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In an oceanic omen for climate change’s intensifying effects, new research shows that seagrass suffers from a lesion-filled wasting disease through large swaths of intertidal meadows in the Pacific Northwest. The grasses’ once-vibrant plant root systems are deteriorating, too.

Cornell-led researchers on San Juan Island, Washington, tagged specific seagrass plants, shown here at low tide, to follow them through time. Climate change is prompting more wasting disease, but it also hurting the root system of these grasses.

The research was published in the journal Frontiers in Marine Science.

“Not only are we seeing more seagrass wasting disease outbreaks, we’re seeing a severe impact within the vital nutrient stores of these plants in the roots – so they become compromised late in the growing season, setting them up for a harder winter,” said co-lead author Olivia Graham, a doctoral student in the field of ecology and evolutionary biology at Cornell University.

Eelgrass (Zostera marina) normally thrives in the San Juan Islands, Washington, on the Salish Sea along the Canadian border. In typical scenarios, Graham describes the seagrass meadow environment as bountiful underwater rainforests, which clean the waters and support herring, salmon, perch, clams, mussels and oysters. Nearby, orca whales feast on Chinook salmon – the largest of the Pacific salmon – which live in these tidal grasslands.

Seagrass wasting disease has been present for years, thanks to the warming waters of climate change, which strengthens the plant’s disease nemesis Labyrinthula zosterae. This paper confirms that below the muddy beds, the plant’s roots are compromised.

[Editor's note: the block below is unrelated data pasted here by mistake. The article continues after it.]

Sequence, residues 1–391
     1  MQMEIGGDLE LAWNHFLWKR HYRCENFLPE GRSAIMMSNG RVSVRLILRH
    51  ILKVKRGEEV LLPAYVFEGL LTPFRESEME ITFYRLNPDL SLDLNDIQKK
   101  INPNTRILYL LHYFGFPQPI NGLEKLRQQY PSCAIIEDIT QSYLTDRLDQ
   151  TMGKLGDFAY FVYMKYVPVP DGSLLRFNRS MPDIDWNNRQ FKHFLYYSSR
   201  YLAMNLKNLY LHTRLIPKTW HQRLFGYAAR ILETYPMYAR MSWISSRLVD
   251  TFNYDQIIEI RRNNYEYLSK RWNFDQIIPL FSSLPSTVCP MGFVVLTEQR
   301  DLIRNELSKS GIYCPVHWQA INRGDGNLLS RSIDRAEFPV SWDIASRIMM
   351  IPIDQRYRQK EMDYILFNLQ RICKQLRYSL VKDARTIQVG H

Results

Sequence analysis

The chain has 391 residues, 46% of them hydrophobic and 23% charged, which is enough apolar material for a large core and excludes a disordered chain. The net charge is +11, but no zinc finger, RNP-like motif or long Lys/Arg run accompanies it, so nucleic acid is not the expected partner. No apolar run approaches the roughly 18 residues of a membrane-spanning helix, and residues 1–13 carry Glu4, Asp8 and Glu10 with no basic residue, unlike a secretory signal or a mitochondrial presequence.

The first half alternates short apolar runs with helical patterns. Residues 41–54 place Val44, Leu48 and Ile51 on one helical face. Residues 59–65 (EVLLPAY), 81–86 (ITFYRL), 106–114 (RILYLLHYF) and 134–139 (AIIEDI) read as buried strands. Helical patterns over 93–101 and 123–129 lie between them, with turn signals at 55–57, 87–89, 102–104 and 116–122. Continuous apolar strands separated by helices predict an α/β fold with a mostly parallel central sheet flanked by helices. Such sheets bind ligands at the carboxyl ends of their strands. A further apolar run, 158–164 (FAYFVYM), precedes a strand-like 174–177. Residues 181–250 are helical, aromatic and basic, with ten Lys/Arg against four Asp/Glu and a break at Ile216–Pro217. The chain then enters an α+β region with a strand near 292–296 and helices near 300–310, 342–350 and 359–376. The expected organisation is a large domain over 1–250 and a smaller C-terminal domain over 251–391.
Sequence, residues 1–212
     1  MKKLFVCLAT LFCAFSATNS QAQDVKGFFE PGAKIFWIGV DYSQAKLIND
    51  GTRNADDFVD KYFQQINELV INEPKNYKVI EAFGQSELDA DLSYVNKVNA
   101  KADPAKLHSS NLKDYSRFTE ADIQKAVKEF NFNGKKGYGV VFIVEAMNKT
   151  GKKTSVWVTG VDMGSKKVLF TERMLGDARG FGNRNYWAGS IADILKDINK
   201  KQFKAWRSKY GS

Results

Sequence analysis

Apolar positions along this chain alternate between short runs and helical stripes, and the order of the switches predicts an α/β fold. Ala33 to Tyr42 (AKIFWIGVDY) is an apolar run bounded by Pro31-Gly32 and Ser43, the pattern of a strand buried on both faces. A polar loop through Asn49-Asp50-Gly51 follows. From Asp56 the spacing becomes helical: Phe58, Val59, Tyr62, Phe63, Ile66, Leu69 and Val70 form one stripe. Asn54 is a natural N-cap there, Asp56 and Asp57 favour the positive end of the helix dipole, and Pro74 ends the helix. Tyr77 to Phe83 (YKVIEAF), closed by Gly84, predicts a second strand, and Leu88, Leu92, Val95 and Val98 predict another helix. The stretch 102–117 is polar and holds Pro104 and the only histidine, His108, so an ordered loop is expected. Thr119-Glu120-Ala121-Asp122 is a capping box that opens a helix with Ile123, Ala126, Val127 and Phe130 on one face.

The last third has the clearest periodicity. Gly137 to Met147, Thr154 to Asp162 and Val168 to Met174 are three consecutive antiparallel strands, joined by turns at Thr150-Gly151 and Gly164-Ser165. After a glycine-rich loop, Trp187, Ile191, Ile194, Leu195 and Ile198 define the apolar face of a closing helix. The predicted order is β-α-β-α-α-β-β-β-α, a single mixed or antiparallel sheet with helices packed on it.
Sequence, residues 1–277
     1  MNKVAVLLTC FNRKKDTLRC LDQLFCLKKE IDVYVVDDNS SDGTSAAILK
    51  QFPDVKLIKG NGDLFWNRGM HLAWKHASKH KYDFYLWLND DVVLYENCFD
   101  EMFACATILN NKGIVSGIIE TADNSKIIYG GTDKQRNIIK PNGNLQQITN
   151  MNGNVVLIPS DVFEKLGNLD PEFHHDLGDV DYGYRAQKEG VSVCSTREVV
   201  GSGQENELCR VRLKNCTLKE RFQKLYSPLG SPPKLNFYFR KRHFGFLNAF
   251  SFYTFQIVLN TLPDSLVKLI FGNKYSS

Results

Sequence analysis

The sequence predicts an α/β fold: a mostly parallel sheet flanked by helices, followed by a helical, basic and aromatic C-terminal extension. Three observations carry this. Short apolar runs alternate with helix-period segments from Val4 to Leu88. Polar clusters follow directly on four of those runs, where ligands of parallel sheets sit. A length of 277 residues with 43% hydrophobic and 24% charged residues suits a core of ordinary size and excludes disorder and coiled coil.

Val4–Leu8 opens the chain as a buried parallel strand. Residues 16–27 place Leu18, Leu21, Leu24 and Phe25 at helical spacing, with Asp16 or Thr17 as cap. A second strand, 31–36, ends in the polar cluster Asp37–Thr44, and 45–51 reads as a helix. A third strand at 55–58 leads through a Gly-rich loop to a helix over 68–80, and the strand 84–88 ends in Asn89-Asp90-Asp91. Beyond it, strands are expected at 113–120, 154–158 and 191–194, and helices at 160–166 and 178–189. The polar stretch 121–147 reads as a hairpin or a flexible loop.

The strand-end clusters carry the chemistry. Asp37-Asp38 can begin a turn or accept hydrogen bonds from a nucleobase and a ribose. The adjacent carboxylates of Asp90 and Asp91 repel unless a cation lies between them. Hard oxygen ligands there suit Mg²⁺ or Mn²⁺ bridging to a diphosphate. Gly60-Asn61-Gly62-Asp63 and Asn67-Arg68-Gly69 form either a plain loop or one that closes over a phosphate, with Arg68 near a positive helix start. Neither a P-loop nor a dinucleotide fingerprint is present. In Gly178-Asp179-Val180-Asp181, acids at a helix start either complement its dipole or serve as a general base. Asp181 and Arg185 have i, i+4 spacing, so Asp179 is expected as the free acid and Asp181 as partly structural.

The research team marked hundreds of plants at low tide and followed the meadow’s fate over several weeks. This “mark and recapture” method showed that seagrass with disease lesions grew more slowly and produced less storage sugars than their healthy counterparts.

“This answers a long-standing question about whether this disease does actual damage,” said senior author Drew Harvell, professor emeritus in ecology and evolutionary biology. “Unfortunately, it is a resounding ‘yes.’”

Eelgrass plants spread vegetatively, Harvell said, noting that seagrass roots have huge systems where carbohydrates and sugars get manufactured and stored, to expand their own lush networks.

 “We learned that the lesioned plants had reduced starch reserves and grew more slowly, so now we can say that the wasting disease is even bigger than most thought – and the harm goes well beyond the lesions,” Harvell said.

The National Science Foundation provided funding.

A related paper from the researchers, “Warming Sea Surface Temperatures Fuel Summer Epidemics of Eelgrass Wasting Disease,” published in the Marine Ecology Progress Series, showed increasing levels of eelgrass wasting disease at the San Juan Islands, from 5% to 70% in 2013, and then increasing to 60% to 90% by 2017. Eelgrass shoot density declined by 60% between 2013 and 2015 and did not recover. Further, the work shows the disease prevalence was correlated with warmer water temperatures for the month prior to sampling. The study shows increasing levels of disease in multiples sites in 2017.